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Jacobs ladder

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Jakes
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Post Number: 34
Registered: 09-2005

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Posted on Sunday, 23 July, 2006 - 07:25 pm:   Edit Post Delete Post Print Post

can any one help me to build a jacobs ladder and can it work from a 2kv transformer
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Paul_goodson
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Post Number: 484
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Posted on Sunday, 23 July, 2006 - 07:58 pm:   Edit Post Delete Post Print Post

did you look here

http://www.google.com/search?hl=en&q=jacobs+ladder+
Paul
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Micro82
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Post Number: 62
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Posted on Sunday, 23 July, 2006 - 08:11 pm:   Edit Post Delete Post Print Post

Hi there,

It will all depend on what type of transformer you are planning on using.

The best would be a neon sign transformer (Mainly due to the build in current limiting).

With this and a couple of length of copper refrigeration tubing you should be able to get at least a simple one going.

Have a look at the upload this is a small video from one we (Myself & Tvmender) was experimenting with a few months back.

The transformer we used was a 3Kv @ 36mA (Approx 36Watts).

As you can see from the upload we managed to get a pretty decent Jacobs ladder running.

Hope this helps.

Regards
Pete
Pete@customsoft.karoo.co.uk

P.S Experimenting with such HIGH voltages is NOT recommended to people without prior knowledge of the safety implications involved.
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Jakes
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Post Number: 35
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Posted on Sunday, 23 July, 2006 - 08:24 pm:   Edit Post Delete Post Print Post

can you also use a microwave transformer?
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Mikehibbett
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Post Number: 503
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Posted on Sunday, 23 July, 2006 - 08:45 pm:   Edit Post Delete Post Print Post

Seems like a candidate subject for this:

http://www.darwinawards.com/

:o)
-----
www.drivesentinel.co.uk - Home build GPS Speed Camera Detectors
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Jakes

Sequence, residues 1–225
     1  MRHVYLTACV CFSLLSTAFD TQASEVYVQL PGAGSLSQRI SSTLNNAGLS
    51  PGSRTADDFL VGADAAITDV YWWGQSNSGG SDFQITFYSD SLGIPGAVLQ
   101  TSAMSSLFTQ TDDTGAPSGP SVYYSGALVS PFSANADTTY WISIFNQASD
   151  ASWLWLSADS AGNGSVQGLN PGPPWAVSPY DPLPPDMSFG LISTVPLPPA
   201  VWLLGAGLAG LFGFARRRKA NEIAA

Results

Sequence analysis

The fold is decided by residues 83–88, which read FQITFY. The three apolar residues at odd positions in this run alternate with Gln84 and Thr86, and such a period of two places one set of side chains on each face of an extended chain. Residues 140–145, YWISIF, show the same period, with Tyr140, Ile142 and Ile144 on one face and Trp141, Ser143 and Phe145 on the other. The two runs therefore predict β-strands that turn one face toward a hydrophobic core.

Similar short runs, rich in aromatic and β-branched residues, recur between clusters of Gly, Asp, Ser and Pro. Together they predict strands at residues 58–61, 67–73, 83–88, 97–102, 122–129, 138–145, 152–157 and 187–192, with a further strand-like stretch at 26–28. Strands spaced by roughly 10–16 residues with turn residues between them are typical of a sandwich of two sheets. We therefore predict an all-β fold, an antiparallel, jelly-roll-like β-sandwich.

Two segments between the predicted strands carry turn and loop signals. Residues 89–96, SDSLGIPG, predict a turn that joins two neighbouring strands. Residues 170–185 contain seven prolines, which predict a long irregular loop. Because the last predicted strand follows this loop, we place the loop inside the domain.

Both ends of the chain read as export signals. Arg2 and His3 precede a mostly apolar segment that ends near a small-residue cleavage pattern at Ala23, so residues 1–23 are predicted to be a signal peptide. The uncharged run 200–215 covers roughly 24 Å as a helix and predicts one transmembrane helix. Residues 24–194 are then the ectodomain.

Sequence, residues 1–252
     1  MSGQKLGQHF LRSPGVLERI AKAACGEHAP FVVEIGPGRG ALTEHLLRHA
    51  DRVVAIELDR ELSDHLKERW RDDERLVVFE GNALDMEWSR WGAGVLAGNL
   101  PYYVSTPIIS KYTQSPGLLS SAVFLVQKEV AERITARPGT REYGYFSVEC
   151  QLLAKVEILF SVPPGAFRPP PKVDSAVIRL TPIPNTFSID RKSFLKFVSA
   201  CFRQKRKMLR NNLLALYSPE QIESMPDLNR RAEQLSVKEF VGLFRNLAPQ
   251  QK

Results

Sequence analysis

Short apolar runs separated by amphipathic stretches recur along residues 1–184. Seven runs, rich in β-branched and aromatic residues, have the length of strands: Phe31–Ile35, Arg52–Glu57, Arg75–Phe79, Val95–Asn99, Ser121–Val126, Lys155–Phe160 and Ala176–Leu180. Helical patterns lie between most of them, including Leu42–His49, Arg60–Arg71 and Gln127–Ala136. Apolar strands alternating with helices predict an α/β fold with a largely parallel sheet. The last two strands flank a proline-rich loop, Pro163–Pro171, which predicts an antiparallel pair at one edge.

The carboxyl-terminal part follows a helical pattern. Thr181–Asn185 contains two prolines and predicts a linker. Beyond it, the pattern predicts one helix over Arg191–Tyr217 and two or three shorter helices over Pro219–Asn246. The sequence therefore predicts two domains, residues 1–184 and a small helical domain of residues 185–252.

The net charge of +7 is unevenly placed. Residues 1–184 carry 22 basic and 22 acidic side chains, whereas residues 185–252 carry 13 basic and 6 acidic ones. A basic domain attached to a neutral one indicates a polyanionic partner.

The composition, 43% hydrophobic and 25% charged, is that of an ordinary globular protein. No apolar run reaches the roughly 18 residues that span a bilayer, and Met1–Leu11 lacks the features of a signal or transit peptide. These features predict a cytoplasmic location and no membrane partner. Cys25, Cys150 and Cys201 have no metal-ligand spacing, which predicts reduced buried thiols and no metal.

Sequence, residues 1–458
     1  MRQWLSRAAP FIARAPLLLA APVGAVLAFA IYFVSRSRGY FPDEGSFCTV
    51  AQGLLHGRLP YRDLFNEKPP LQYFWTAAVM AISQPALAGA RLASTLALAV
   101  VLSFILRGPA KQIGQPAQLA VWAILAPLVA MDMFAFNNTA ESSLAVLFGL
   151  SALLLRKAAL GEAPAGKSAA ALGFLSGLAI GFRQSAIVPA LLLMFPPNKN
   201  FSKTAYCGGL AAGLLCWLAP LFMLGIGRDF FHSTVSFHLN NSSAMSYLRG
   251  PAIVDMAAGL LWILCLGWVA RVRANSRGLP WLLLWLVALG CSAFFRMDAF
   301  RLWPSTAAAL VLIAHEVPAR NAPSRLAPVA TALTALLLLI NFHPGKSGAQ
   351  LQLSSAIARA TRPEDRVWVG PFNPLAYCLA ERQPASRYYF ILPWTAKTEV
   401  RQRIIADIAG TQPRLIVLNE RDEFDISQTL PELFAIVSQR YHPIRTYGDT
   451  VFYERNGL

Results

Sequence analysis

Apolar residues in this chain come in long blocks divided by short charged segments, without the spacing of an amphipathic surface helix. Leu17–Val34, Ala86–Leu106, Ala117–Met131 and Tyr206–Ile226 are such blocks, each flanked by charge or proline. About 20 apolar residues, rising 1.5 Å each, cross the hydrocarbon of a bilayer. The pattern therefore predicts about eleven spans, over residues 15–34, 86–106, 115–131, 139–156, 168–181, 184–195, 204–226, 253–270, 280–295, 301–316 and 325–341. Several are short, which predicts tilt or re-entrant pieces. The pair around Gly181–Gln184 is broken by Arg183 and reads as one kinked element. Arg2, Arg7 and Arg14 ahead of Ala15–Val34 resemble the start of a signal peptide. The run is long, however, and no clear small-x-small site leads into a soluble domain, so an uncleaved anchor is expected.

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Post Number: 36
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Posted on Sunday, 23 July, 2006 - 09:08 pm:   Edit Post Delete Post Print Post

can you use a 240v/2000v microwave transformer
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Tvmender
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Post Number: 63
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Posted on Sunday, 23 July, 2006 - 09:13 pm:   Edit Post Delete Post Print Post

Hi Jakes,

You can use a MOT but it is not advised as they dont have current limiting, you would have to engineer in the current limiting with a choke or alike.

I would agree with Micro82, a Neon Sign Transformer I think is best and "safer".

The transformer we used was a small 360w type which you can sometimes pick up on e-bay fairly cheap. We bothered some workmen at a nightclub refurb for ours.

The one we used was great fun and would quench at about 2" which was pretty impressive. I am shortly going to buy a 10Kv 50mA transformer for my Tesla coil but I think a small Jacobs ladder to test it is called for!

We recently attended a Teslathon in Derby where a Jacobs ladder powered from a "pole pig" (distribution transformer, like those on a pole in a field!!!) now THAT was inpressive!

Good luck!

- Tvmender
"Nothing unreal exists"
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Atferrari
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Posted on Sunday, 23 July, 2006 - 11:18 pm:   Edit Post Delete Post Print Post

Hola Pete,

What upload are you talking about?

Gracias
Agustín Tomás - Buenos Aires - Argentina
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Obiwan
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Posted on Sunday, 23 July, 2006 - 11:19 pm:   Edit Post Delete Post Print Post

Ditto the neon stuff.

This is another one of those projects where you can do a whole lot of stuff, but it's better to just keep it simple.

if you spend a little time looking around, you can find neon sign transformers at good prices, used, that sort of thing, old signs....

But don't use something like a rusted out one!

Just do it the easy way, safer too.


Tvmender, I'd LOVE to see a picture of that thing! Did you by chance get a photo of it?
Do Not Hit The Fly That Lands On The Tigers Head.
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Tvmender
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Post Number: 64
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Posted on Sunday, 23 July, 2006 - 11:34 pm:   Edit Post Delete Post Print Post

Hi Obiwan,